Trump and Libya: White House egged on warlord who intensified attack on Tripoli

Trump didn’t, however, call the country’s UN-backed prime minister

Borzou Daragahi
International Correspondent
Monday 22 April 2019 14:26
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Libya fighting intensified after Donald Trump spoke to warlord Khalifa Haftar

President Donald Trump encouraged a Libyan warlord to continue “fighting terrorism” shortly before he intensified his two-week assault on the North African nation’s capital and its United Nations-backed government, the White House disclosed on Friday.

The conversation between Mr Trump and Khalifa Haftar, a self-described “field marshal” backed by Russia, Saudi Arabia, the United Arab Emirates and Egypt, took place on Monday.

But the White House revealed the news on only on Good Friday, as lawmakers, media and the public headed to their families for Easter weekend.

According to the White House, Mr Trump recognised Mr Haftar’s "significant role in fighting terrorism and securing Libya’s oil resources.”

The two men also “discussed a shared vision for Libya’s transition to a stable, democratic political system."

The phone call was not coupled with a conversation with prime minister Fayez al-Serraj, head of the UN-backed and internationally recognised government in Tripoli. It amounts to a strong US endorsement of Mr Haftar’s offensive, which is backed by autocratic Arab regimes in Cairo, Riyadh, and Abu Dhabi that are cosy with the White House. It also places the US squarely in the middle of a conflict from which it has mostly stayed aloof, deferring to the United Nations, France, the UK and Italy on Libya.

Mr Trump's vocabulary in the brief statement disclosing the phone call also appeared to adopt the rhetoric used by Mr Haftar, who has labelled Mr Serraj, a mandarin from a highly regarded Libyan family, a "terrorist."

A day after the phone call, Mr Haftar’s collection of militias and armed groups, called the Libyan National Army, intensified their assault on the capital, launching airstrikes and rockets deep into the capital, allegedly causing civilian casualties.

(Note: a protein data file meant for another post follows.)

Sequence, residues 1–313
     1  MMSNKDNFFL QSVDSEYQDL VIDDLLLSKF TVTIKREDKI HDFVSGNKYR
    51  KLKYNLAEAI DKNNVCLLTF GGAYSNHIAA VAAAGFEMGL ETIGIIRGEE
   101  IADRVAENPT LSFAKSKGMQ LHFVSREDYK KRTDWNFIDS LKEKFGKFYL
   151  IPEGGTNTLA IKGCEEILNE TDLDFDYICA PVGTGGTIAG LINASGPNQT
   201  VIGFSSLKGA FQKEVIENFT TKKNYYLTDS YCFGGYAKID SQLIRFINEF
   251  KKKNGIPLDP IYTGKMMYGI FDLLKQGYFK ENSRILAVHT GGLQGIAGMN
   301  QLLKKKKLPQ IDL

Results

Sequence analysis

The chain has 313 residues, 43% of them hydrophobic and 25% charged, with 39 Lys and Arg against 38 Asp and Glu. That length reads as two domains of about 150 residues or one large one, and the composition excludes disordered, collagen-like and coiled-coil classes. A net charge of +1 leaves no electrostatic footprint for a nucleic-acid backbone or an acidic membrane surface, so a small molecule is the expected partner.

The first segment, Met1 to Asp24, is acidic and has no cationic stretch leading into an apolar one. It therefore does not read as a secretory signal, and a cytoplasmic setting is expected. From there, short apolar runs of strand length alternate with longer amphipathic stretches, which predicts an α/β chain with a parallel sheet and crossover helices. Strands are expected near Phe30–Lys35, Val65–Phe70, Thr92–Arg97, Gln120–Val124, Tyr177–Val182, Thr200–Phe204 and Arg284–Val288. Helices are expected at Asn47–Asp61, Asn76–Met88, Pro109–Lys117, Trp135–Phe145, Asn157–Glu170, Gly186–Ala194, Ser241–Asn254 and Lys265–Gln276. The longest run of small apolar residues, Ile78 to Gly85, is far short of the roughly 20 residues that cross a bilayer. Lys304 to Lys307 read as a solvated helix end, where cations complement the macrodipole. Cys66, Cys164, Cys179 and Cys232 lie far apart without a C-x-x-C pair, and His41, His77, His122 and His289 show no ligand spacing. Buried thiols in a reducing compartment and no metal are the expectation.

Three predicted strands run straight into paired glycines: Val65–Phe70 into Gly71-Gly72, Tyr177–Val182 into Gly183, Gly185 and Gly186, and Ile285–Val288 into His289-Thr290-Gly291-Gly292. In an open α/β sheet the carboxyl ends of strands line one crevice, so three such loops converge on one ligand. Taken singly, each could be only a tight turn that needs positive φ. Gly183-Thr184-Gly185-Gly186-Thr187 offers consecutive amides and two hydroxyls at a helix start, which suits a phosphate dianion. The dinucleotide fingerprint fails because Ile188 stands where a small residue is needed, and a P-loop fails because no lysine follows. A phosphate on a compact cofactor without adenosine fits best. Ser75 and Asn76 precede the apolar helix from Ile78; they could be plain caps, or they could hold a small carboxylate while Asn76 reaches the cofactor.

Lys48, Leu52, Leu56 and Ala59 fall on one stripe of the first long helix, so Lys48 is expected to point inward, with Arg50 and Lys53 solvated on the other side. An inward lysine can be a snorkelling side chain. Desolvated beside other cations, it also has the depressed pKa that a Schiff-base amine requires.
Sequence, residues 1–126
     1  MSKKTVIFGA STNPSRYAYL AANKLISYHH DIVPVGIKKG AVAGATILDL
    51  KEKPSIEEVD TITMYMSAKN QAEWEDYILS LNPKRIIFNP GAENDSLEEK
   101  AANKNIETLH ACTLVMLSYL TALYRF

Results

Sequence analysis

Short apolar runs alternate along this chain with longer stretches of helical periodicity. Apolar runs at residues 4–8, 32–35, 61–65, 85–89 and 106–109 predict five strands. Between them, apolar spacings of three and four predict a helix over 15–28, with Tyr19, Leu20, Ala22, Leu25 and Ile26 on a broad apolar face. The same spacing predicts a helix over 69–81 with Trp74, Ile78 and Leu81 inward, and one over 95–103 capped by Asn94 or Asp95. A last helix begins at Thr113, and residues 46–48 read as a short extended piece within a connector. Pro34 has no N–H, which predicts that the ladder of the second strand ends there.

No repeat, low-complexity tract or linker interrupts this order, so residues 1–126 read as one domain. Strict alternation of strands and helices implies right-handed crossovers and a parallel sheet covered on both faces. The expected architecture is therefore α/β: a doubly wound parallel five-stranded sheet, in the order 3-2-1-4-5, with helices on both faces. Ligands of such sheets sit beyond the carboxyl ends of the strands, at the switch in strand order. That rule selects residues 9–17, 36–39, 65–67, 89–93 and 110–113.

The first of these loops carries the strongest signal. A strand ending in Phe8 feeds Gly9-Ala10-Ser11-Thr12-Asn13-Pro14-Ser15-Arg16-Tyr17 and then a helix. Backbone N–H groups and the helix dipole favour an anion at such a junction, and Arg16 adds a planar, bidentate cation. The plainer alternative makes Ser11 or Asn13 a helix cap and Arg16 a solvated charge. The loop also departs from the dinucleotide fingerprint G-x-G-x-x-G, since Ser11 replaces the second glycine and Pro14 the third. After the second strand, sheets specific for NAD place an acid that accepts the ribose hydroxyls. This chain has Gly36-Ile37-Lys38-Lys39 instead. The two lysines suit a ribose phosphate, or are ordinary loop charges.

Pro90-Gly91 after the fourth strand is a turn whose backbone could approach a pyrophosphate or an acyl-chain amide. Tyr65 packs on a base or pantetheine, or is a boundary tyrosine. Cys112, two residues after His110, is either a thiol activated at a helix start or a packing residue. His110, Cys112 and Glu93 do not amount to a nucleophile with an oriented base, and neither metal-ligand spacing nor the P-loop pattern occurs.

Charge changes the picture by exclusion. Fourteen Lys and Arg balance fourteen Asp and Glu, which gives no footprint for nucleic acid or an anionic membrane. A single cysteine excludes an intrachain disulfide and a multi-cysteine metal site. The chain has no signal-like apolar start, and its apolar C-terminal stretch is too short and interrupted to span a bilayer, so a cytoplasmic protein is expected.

Already more than 200 people have been killed and 20,000 displaced in the fighting.

On Thursday the United States joined Russia in scuttling an attempt at the United Nations Security Council to pass a resolution calling for an end to the fighting truce, an apparent reversal of years of Washington policy to back Mr Serraj’s government.

Mr Serraj told the BBC on Thursday he was frustrated with the inaction of the international community and warned the conflict could lead to the reemergence of ISIS. He has complained that Mr Haftar's international allies are violating arms embargoes by funnelling him weapons.

Mr Haftar launched his offensive on 4 April apparently hoping for a quick victory after seizing several nearby towns and winning control of much of the south. But he has become bogged down as powerful rival western Libyan militias have come to the aid of the capital.

In addition, his forces have under pressure in the south, with some military analysts suggesting that he is becoming overstretched. At least four of his fighters were killed and six injured in an 18 April attack on a base in the south that pro-Haftar media outlets attributed to the forces allied with Tripoli authorities.

Mr Haftar launched a 2014 offensive to take control of Libya’s number two city of Benghazi from a collection of Islamist militias, predicting victory within weeks. The conflict stretched three years, and destroyed much of the city.

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